Ascher: Yes, I reached out to him, but the timing wasn’t right. Anyway, he’s finishing up his own DVD. I would love to have included him since he’s written some amazing things! But there was a point in the project when my partner Tim Kirk [the producer] and I realized that we were not going to be able to be exhaustive in including everything that everybody had said about The Shining. There was a process of coming to peace with that and trying to find little ways to let the film say, “This is just the tip of the iceberg; there’s a lot more stuff out there.” When, for example, John Fell Ryan talks about the time he spent obsessing about the film on the Internet, we get to see blurbs of Websites that discuss subjects that aren’t covered in the film. Or when we pan over one of Juli [Kearns’s) maps and see the chair from the Gold Room that she claims the woman in Room 237 was sitting in.

Cineaste: Since you winnowed it down to five people—with the exception of “Mstrmnd” who doesn’t appear on screen—what was the selection process for choosing the participants?

Ascher: First, there were a couple of people, whose work was discussed widely enough, that we felt obliged to include them. That would include Bill Blakemore, whose essay on the film circulated widely since it appeared in ‘87 and sort of got the ball rolling. And then there was Jay Weidner, whose NASA/Apollo 11 ideas got a lot of attention online and was one of the real starting points for Tim and me. We realized that many people were writing interesting things about The Shining, and interestingly enough, more and more people are doing it now.

Cineaste: Or nutty things, according to some.

Ascher: Well, sure, and I’ve had some fun noticing that different audiences pick which is which differently. But we were especially interested in people who had personal connections to the film—not just people who said the “carpet meant this,” but people were a little reflective and could speak about what, in their personal experiences, helped them understand The Shining and, conversely, what about studying The Shining helped them understand their own lives. I adored those maps that Juli was making and liked the idea of her watching the film and filling in a diagram as she went. John Fell Ryan’s screening of the film simultaneously forwards and backwards was important in seeing how the film is linked to digital culture. I mean, there’s a little subplot in the film in which we talk about the changing ways that people watch The Shining. First, they watch they film in the cinemas; then there’s the VHS, the DVD, and Blu-ray. Perhaps the final step involves them manipulating the film in order to look at things in a new way.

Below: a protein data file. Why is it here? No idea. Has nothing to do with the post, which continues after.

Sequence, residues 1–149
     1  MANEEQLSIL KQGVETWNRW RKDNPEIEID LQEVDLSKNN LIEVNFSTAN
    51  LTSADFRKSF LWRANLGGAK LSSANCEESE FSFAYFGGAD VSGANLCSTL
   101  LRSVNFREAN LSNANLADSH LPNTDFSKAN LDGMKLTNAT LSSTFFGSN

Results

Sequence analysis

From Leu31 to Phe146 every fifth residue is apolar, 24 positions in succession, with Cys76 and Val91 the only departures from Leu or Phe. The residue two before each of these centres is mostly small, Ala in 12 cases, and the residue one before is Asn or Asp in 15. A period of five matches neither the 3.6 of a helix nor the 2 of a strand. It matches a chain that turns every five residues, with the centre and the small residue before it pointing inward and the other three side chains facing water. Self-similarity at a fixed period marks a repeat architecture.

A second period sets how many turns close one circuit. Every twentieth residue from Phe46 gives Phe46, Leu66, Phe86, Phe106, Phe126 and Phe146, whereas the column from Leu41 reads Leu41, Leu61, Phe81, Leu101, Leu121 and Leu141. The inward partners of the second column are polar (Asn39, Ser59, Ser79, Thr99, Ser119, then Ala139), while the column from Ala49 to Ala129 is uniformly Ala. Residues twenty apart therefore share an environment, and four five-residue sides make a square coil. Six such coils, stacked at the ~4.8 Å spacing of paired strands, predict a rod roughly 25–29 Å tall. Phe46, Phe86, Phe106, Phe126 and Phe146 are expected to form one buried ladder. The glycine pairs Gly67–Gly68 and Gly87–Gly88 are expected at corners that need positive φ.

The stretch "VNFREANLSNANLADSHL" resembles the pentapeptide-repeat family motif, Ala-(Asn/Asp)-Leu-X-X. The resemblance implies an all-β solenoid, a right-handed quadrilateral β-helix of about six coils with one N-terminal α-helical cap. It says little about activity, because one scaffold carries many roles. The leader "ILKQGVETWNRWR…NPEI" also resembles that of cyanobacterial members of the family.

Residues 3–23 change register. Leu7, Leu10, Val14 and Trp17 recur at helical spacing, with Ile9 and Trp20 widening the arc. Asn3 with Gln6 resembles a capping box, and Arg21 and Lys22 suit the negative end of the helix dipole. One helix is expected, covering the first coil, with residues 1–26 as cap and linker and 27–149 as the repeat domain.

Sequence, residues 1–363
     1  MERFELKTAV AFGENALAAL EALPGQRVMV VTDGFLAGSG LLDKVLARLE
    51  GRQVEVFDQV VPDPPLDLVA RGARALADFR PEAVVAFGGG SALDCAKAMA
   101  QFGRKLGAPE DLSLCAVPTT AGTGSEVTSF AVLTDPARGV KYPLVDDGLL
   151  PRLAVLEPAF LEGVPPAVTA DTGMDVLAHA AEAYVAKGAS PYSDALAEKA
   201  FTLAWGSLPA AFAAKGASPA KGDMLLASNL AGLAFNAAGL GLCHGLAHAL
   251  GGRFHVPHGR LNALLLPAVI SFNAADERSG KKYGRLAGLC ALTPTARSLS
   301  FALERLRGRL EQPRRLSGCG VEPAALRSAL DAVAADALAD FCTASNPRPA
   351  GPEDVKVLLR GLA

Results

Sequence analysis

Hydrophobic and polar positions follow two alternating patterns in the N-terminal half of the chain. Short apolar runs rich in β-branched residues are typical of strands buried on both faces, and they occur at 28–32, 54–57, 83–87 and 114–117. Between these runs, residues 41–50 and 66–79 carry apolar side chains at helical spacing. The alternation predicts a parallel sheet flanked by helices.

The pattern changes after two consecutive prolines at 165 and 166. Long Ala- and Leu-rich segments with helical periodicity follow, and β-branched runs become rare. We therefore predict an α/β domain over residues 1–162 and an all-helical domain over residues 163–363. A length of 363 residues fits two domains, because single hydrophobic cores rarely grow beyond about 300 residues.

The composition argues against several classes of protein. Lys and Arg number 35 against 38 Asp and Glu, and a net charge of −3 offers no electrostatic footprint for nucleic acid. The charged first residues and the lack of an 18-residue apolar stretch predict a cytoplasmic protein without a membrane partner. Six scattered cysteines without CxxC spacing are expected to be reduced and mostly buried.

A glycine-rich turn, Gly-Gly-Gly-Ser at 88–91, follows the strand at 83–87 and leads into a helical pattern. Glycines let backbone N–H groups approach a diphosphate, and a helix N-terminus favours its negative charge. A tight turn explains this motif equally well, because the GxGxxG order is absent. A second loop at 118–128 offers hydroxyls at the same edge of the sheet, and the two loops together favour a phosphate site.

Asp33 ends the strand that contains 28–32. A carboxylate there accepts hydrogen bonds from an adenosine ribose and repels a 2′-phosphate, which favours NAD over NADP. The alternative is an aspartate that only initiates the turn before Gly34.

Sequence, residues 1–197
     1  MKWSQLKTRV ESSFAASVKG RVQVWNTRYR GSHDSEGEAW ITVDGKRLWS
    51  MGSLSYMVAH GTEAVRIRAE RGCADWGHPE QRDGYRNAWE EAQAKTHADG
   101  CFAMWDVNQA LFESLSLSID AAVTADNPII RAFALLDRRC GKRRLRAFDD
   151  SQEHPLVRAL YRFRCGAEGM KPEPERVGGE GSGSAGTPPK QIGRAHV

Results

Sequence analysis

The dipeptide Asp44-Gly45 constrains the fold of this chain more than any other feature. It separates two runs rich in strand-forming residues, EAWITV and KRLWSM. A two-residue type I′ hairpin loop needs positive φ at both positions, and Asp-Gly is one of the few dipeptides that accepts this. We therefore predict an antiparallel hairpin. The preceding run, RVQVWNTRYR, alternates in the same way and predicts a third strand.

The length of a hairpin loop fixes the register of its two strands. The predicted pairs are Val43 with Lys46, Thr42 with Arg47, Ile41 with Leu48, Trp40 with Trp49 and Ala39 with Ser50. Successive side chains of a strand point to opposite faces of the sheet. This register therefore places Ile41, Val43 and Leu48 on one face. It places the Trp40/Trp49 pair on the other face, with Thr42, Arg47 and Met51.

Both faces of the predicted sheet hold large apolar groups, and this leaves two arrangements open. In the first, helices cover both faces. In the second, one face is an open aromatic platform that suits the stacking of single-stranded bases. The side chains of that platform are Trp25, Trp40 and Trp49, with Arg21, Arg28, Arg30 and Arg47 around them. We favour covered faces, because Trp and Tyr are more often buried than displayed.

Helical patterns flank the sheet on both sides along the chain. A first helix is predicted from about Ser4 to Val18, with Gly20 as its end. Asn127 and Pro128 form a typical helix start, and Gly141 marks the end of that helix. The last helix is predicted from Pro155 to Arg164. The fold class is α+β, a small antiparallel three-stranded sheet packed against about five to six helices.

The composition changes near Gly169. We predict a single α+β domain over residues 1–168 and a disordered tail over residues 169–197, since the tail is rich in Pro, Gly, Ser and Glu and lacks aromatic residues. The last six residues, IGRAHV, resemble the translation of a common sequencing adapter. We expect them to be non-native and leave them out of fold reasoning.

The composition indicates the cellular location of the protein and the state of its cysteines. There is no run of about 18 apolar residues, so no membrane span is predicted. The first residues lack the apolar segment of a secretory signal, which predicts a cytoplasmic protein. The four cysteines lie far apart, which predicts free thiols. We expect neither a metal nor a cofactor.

Danny is enmeshed into the pattern of the rug at The Overlook

Danny is enmeshed into the pattern of the rug at The Overlook

Cineaste: So that became the departure point for making the “forwards/backwards” version of The Shining a performance piece that was presented at the Spectacle Theater in Brooklyn?

Ascher: Well, John Fell Ryan was inspired to do it after reading that the Mstrmnd said the film could be played either way. But other people have manipulated the film in other ways, the most famous example probably being the trailer remix that turned it into a family comedy.

Cineaste: What about the mystique around Kubrick that your film reflects? The assumption seems to be that, like Hitchcock, he was almost more like a general than a director and that every shot exemplifies his mastery. But, surely, in The Shining, as in any other film, there must be sequences that contain mistakes and lapses in authorial control.

Ascher: Some people might disagree. If any director were to be thought of as an infallible author, it would be Kubrick. That does inspire people to get into matters that, with other directors, you might just dismiss as a mistake. And there’s also one layer beyond that; Geoffrey Cocks and John Fell Ryan talk about the idea that accidents, mistakes, subconscious decisions, and synchronicities can be meaningful too. David Lynch, in his book on meditation, Catching the Big Fish, talks about inviting synchronicities into his movies. It’s interesting to compare his films with Kubrick’s; he’s also someone who’s very determined not to explain the symbolic dimension of any of his films. There’s a great story where he describes a scene he was shooting where the lights went out when a fuse in the generator blew. Then he tried again and the same thing happened. Finally, he changed some of the dialogue, and during that take there was no electrical issues so he concluded, “I knew something was wrong.”